Marc Kirschner, Boston Globe, Oct. 23, 2005

    “While the great majority of biologists would probably agree with Theodosius Dobzhansky’s dictum that “Nothing in biology makes sense except in the light of evolution”, most can conduct their work quite happily without particular reference to evolutionary ideas. Evolution would appear to be the indispensable unifying idea and, at the same time, a highly superflous one.”
    A.S. Wilkins, editor of the journal BioEssays, Introduction to “Evolutionary Processes” – (2000).

    “Biologists must constantly keep in mind that what they see was not designed, but rather evolved. It might be thought, therefore, that evolutionary arguments would play a large part in guiding biological research, but this is far from the case. It is difficult enough to study what is happening now. To figure out exactly what happened in evolution is even more difficult. Thus evolutionary achievements can be used as hints to suggest possible lines of research, but it is highly dangerous to trust them too much. It is all too easy to make mistaken inferences unless the process involved is already very well understood.”
    Francis Crick – What Mad Pursuit (1988)

    In fact, instead of fostering discovery, it can be forcefully argued that Darwinian evolution has hindered scientific discovery, and has also led to medical malpractice, by falsely predicting both junk DNA and vestigial organs.
    On the other hand, Intelligent Design, far from hindering science as Darwinian evolution has done, is found, as Dr. Meyer touched upon in his talk, to be a ‘driver of science’:

    “It has become clear in the past ten years that the concept of design is not merely an add-on meta-description of biological systems, of no scientific consequence, but is in fact a driver of science. A whole cohort of young scientists is being trained to “think like engineers” when looking at biological systems, using terms explicitly related to engineering design concepts: design, purpose, optimal tradeoffs for multiple goals, information, control, decision making, etc. This approach is widely seen as a successful, predictive, quantitative theory of biology.”
    Systems Biology as a Research Program for Intelligent Design – David Snoke – 2014

    How the Burgeoning Field of Systems Biology Supports Intelligent Design – July 2014
    Excerpt: Snoke lists various features in biology that have been found to function like goal-directed, top-down engineered systems:
    *”Negative feedback for stable operation.”
    *”Frequency filtering” for extracting a signal from a noisy system.
    *Control and signaling to induce a response.
    *”Information storage” where information is stored for later use. In fact, Snoke observes:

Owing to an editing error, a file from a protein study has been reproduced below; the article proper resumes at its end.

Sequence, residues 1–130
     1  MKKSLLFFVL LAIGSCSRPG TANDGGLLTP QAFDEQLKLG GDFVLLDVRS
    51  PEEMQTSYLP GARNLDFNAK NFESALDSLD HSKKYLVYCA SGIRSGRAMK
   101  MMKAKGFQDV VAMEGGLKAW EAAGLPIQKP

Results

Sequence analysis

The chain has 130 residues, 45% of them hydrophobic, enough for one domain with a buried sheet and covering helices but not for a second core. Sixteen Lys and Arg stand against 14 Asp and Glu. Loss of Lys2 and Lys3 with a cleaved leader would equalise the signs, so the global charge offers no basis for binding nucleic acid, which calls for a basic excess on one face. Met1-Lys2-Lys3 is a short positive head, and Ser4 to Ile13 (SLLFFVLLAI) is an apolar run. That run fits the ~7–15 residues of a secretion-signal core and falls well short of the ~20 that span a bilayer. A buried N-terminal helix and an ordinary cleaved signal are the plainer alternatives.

“This paradigm [of systems biology] is advancing the view that biology is essentially an information science with information operating on multiple hierarchical levels and in complex networks [13]. ”
    *”Timing and synchronization,” where organisms maintain clocks to ensure that different processes and events happen in the right order.
    *”Addressing,” where signaling molecules are tagged with an address to help them arrive at their intended target.
    *”Hierarchies of function,” where organisms maintain clocks to ensure that cellular processes and events happen at the right times and in the right order.
    *”Redundancy,” as organisms contain backup systems or “fail-safes” if primary essential systems fail.
    *”Adaptation,” where organisms are pre-engineered to be able to undergo small-scale adaptations to their environments. As Snoke explains, “These systems use randomization controlled by supersystems, just as the immune system uses randomization in a very controlled way,” and “Only part of the system is allowed to vary randomly, while the rest is highly conserved.”,,,
    Snoke observes that systems biology assumes that biological features are optimized, meaning, in part, that “just about everything in the cell does indeed have a role, i.e., that there is very little ‘junk.’” He explains, “Some systems biologists go further than just assuming that every little thing has a purpose. Some argue that each item is fulfilling its purpose as well as is physically possible,” and quotes additional authorities who assume that biological systems are optimized.,,,

    Indeed it can be, and has been, argued that the presumption of Intelligent Design lay behind the founding, and current practice, of modern science itself. And thus the very success and technological ‘fruits’ of modern science can be forcefully argued to vouch for the surety of the truthfulness of Intelligent Design:

    Science and Theism: Concord, not Conflict* – Robert C. Koons
    IV. The Dependency of Science Upon Theism (Page 21)